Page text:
To get a working chatbot, you need to have a developed web app for your specific bot, messaging platform connectors to get messages from chat platforms, NLP for message intent processing in a human language, and a server to ensure communication with the API.
But developing bots and adjusting chatbots for multiple messengers and bot SDKs can be complicated. Bot development frameworks were created as advanced software tools that eliminate a large amount of manual work and accelerate the development process. Such bot frameworks also have an emulator, easing up the task of BOT testing for a developers’ team through the cloud.
Among bot development platforms, Microsoft Bot Builder currently provides the necessary components to launch and maintain a high-quality chatbot. It is also one of the fastest and most scalable bot frameworks and is also an open-source chatbot design framework.
Microsoft’s bot framework includes two independent components, a Bot connector and an NLP component known as luis.ai. It can integrate with Skype, Slack, Facebook Messenger, Telegram, Webchat, and SMS/email, covering the majority of messaging platforms and working on smartphones, tablets, and laptops.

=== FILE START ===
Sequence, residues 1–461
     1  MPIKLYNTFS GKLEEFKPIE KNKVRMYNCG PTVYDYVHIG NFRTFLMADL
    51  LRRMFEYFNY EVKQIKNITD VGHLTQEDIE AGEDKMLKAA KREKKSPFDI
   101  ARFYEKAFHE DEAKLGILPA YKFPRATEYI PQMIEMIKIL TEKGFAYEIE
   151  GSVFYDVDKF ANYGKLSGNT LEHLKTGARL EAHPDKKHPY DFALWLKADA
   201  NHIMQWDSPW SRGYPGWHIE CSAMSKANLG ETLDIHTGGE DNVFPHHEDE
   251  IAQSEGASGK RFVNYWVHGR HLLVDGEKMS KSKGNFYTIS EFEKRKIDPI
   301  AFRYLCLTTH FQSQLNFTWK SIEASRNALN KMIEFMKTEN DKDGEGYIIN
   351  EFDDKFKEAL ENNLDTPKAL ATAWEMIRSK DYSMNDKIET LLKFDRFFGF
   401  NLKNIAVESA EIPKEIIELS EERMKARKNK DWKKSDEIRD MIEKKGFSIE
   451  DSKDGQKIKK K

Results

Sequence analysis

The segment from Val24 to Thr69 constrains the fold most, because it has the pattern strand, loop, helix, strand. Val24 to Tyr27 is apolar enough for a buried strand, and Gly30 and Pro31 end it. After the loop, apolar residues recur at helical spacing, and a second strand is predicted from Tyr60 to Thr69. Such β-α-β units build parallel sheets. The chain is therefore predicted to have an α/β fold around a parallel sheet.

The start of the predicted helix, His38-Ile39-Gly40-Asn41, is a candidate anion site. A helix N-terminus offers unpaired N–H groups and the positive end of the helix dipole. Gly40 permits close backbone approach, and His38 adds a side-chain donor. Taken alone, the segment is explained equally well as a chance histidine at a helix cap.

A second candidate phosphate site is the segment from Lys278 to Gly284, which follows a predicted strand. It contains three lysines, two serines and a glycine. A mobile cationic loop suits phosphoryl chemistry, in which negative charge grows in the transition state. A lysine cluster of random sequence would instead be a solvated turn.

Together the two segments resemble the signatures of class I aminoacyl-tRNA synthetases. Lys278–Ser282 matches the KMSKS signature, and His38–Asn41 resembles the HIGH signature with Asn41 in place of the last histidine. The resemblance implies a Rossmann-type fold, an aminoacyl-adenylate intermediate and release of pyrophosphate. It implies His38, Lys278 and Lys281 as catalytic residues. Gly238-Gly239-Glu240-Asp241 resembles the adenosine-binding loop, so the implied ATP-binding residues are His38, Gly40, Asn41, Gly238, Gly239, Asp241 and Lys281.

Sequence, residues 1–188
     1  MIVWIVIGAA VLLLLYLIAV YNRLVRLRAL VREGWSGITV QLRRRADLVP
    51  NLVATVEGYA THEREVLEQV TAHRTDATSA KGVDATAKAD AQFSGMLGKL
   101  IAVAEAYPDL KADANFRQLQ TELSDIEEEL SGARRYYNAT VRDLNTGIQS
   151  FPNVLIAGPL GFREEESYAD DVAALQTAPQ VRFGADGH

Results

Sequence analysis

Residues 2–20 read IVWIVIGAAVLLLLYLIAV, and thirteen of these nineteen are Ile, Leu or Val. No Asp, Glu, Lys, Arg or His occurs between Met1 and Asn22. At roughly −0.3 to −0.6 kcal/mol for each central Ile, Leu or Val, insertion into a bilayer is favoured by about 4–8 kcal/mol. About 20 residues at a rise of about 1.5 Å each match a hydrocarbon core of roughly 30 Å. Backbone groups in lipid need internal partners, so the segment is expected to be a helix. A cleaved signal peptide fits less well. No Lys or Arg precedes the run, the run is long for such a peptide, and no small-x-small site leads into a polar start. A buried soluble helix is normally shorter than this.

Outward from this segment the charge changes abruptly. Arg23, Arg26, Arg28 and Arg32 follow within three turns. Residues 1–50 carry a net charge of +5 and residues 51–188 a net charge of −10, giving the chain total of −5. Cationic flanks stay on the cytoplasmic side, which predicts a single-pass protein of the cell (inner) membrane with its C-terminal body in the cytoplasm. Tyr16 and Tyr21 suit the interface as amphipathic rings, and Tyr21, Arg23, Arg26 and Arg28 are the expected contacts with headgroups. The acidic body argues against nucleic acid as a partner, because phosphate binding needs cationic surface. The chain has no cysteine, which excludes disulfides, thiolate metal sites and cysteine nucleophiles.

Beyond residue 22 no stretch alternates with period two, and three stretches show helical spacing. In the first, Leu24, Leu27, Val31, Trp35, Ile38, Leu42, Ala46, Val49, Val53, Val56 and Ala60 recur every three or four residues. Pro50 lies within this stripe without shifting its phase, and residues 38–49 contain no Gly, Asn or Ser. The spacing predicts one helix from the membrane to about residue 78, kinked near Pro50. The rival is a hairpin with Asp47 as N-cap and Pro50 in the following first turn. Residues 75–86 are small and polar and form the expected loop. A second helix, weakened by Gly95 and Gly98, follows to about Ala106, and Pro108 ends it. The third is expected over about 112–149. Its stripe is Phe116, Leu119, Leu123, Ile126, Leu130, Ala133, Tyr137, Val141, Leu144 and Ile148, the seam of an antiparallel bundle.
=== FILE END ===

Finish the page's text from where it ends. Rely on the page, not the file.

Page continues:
Let’s see how our team used Microsoft Bot Builder to create a Skype bot that works with clients of a payout program for the elderly and at the same time makes it easy for our customer (bot administrator) to manage its functions.
At Onix, our developers' team produced a chatbot based on RASA Framework. RASA offers two main components:
Rasa bot is an innovative artificial intelligence chatbot. First of all, it’s a program code that can understand a person and maintain a meaningful dialogue. A positive aspect of this bot is the ability to diversify communication through interactive elements (buttons, images, etc.).
Our company has developed a Rasa bot, which partially solves the tasks of a sales manager. Such a chatbot can act as an assistant that processes typical requests from potential customers. In addition, the developed chatbot is able to communicate on general topics, that is, you can ask it about time, its name, its job, whether it’s satisfied with its life, and many more things.